'Jane Bond' actioner The Rhythm Section more bore than Bourne

A woman (Blake Lively) seeks revenge for the deaths of her family in action thriller The Rhythm Section

Blake Lively as Stephanie Patrick in The Rhythm Section
Damon Smith

HANDLING a firearm is all about the bass. That's the takeaway message of The Rhythm Section, a high-stakes thriller adapted for the screen by author Mark Burnell from his novel about an avenging angel, who criss-crosses the globe to put a righteous bullet between the eyes of her family's killer.

Armed with a mantra to recite internally when she intends to pull a trigger – "Your heart is the drum, your breathing is the bass"– the drug addict-turned-assassin seeks justice in a series of bone-crunching fight sequences.

Eon Productions, guardians of the James Bond film franchise, cast Blake Lively as this emotionally scarred femme futile, whose inner turmoil is reflected by her furiously tousled hair and tear-filled glances into camera as director Reed Morano bombards us with soft focus flashbacks to happier times.

Lively embraces the physicality of the role – a hand-to-hand combat training sequence in a country cottage kitchen with co-star Jude Law looks particularly bruising – but Burnell's script doesn't delve deeply into her gnarly psychology or the suffocating survivor's guilt that propels her down the path of self-destruction.

She plays gifted linguist Stephanie Patrick, who fails to take her seat alongside her parents and two siblings on Northeastern flight 147, which subsequently crashes, killing all 239 passengers and crew.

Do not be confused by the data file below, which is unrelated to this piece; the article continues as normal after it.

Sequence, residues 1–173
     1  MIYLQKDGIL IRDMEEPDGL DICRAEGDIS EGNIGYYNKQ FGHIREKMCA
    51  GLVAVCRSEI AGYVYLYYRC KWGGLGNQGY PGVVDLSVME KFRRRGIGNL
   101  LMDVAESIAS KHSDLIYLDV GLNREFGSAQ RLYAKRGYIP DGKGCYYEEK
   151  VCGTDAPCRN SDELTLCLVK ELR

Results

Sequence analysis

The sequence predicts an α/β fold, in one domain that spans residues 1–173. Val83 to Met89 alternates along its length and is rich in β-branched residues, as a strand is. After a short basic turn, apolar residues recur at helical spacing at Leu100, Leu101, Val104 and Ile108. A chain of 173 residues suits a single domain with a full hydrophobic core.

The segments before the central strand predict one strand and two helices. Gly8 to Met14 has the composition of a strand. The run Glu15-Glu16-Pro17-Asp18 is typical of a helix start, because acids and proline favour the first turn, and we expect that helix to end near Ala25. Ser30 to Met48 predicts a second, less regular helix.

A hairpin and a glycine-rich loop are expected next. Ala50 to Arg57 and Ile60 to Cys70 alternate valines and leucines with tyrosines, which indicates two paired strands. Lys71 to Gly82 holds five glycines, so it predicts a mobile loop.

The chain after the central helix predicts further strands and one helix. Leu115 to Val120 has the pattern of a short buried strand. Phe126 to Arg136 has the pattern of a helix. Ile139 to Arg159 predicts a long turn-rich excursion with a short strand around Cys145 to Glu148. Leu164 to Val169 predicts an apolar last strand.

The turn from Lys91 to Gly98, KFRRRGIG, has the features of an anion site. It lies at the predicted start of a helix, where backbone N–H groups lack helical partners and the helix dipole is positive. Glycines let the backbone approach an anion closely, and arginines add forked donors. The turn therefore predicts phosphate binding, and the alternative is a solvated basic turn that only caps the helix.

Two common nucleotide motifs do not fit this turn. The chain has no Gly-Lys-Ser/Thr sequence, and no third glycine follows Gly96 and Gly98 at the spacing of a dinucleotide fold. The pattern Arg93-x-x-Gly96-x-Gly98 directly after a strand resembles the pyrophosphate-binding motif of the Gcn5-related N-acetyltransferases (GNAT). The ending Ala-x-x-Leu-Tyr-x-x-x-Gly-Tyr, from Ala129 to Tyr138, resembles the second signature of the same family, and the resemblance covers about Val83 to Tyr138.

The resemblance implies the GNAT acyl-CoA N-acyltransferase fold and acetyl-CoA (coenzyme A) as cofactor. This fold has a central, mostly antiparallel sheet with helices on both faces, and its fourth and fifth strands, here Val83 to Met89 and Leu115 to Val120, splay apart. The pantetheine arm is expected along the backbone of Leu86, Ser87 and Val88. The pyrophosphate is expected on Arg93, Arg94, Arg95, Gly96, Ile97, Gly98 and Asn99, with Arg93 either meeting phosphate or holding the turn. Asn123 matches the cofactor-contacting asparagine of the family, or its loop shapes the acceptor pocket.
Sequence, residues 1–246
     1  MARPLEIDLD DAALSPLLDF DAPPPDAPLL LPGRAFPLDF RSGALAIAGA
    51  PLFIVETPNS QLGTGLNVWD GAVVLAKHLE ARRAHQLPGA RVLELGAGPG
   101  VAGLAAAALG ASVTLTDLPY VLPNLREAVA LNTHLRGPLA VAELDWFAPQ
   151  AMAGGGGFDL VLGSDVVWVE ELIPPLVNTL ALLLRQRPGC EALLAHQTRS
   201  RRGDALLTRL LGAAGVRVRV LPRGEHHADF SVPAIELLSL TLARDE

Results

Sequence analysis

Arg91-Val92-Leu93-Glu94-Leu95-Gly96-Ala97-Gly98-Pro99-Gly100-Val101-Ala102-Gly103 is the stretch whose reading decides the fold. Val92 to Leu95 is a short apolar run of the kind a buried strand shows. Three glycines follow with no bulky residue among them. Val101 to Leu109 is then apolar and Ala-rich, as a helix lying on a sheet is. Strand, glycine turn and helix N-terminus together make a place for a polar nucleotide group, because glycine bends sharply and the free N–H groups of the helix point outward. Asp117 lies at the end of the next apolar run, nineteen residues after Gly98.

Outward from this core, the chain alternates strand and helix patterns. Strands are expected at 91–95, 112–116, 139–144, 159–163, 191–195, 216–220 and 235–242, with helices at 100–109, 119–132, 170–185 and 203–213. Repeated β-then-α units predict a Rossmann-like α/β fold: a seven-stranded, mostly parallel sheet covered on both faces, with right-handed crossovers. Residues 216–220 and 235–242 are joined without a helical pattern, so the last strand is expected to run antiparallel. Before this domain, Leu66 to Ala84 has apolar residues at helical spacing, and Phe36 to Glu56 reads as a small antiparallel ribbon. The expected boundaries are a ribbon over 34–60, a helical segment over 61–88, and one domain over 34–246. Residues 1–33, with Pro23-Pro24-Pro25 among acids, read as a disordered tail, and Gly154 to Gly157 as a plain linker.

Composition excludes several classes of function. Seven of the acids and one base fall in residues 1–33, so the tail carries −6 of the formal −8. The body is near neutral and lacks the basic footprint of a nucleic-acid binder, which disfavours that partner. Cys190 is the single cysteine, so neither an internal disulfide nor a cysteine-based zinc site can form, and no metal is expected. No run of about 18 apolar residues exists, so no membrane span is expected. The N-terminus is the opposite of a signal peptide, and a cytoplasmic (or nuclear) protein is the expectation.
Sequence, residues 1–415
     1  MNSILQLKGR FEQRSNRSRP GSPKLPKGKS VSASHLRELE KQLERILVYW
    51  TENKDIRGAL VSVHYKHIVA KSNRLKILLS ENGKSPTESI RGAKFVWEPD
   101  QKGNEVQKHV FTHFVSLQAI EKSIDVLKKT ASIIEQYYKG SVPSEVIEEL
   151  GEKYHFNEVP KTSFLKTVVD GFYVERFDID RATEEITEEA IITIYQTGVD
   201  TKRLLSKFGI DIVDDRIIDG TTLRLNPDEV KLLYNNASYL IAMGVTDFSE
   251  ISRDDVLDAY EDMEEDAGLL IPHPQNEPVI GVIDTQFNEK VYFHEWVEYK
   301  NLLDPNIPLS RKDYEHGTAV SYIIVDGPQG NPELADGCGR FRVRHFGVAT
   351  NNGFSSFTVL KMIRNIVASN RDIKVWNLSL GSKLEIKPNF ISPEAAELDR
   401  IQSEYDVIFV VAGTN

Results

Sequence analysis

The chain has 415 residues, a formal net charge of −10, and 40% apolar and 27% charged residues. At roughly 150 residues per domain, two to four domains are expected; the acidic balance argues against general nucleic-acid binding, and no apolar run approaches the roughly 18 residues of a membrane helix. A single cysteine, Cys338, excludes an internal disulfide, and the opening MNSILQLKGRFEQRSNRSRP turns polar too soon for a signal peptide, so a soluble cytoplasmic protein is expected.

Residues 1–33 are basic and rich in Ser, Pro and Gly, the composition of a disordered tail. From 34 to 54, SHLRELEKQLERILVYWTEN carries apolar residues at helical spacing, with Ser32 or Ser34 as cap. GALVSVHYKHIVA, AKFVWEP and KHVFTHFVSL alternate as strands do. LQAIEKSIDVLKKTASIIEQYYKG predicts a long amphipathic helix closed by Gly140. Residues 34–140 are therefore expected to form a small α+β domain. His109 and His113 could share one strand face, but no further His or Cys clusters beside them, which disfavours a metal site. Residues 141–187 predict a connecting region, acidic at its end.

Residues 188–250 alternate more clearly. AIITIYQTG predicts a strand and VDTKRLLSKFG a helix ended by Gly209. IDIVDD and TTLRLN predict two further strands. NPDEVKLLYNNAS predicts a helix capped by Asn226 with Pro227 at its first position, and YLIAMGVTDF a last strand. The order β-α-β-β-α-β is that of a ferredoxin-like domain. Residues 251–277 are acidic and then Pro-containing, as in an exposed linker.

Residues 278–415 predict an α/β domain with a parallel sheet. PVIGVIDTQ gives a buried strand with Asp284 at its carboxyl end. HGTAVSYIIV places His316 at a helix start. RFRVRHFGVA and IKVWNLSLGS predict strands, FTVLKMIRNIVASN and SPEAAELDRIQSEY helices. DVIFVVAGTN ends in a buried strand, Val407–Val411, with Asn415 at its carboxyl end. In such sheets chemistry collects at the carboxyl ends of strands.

Stephanie numbs her grief with alcohol, heroin and anonymous sex in the guise of a chemical blonde prostitute named Lisa. Three years after the disaster, freelance journalist Keith Proctor (Raza Jaffrey) gatecrashes her desperate hand-to-mouth existence.

He bears shocking information: the crash was caused by a bomb made by Mohammed Reza (Tawfeek Barhom) – an Islamic radical who walk the streets of London in full view of security services.

Keith offers Stephanie a room and sympathy – "You're another victim. You're just not dead yet" – until a moment of weakness leads to his gruesome demise.

Fleeing the blood-soaked scene, Stephanie heads to Inverness to establish contact with Keith's confidential source – a former MI6 operative codenamed B (Law).

He helps Stephanie to kick her drug habit and learn basic combat skills to hunt down and neutralise Reza.

The subsequent globe-trotting revenge mission ensnares sleazy businessman Leon Giler (Max Casella) in New York and intelligence broker Marc Serra (Sterling K Brown) in Madrid.

The Rhythm Section is composed of familiar elements including a panicked car chase that owes a small debt (and large dents in the bodywork) to the Jason Bourne franchise.

Lively leaves us in little doubt of her character's overwhelming need for redemption but supporting characters are largely two-dimensional including Law's mentor in the Scottish Highlands.

If the heart is a drum and breathing is the bass, both remain disappointingly steady for us during Morano's picture.

Rating: 5/10

THE RHYTHM SECTION (15, 109 mins) Thriller/Action. Blake Lively, Jude Law, Sterling K Brown, Tawfeek Barhom, Raza Jaffrey, Max Casella. Director: Reed Morano.

Released: January 31

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